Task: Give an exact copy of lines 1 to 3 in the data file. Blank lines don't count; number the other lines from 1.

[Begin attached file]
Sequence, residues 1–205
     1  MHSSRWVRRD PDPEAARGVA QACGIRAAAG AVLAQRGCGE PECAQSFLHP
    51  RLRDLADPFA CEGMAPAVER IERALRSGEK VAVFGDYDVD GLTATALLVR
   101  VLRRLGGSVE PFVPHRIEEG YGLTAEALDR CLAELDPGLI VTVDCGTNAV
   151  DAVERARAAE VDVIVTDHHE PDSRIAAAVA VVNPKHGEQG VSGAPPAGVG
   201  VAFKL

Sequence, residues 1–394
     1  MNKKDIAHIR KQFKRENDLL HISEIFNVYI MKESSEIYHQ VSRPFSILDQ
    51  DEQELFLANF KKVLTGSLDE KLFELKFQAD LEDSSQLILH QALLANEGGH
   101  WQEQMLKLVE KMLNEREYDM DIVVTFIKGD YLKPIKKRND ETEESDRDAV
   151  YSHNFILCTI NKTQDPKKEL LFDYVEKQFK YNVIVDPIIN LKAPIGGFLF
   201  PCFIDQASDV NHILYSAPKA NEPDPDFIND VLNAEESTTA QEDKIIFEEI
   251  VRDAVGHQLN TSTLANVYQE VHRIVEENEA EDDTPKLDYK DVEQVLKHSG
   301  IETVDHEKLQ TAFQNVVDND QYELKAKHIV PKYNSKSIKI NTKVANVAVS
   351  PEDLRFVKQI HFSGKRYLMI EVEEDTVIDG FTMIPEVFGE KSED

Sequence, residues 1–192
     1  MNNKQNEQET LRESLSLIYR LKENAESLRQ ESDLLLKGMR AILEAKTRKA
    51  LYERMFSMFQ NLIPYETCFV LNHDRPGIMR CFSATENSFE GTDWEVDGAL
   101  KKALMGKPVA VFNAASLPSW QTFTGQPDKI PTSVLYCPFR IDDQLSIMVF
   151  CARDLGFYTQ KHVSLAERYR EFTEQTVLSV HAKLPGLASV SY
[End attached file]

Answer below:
Sequence, residues 1–205
     1  MHSSRWVRRD PDPEAARGVA QACGIRAAAG AVLAQRGCGE PECAQSFLHP
    51  RLRDLADPFA CEGMAPAVER IERALRSGEK VAVFGDYDVD GLTATALLVR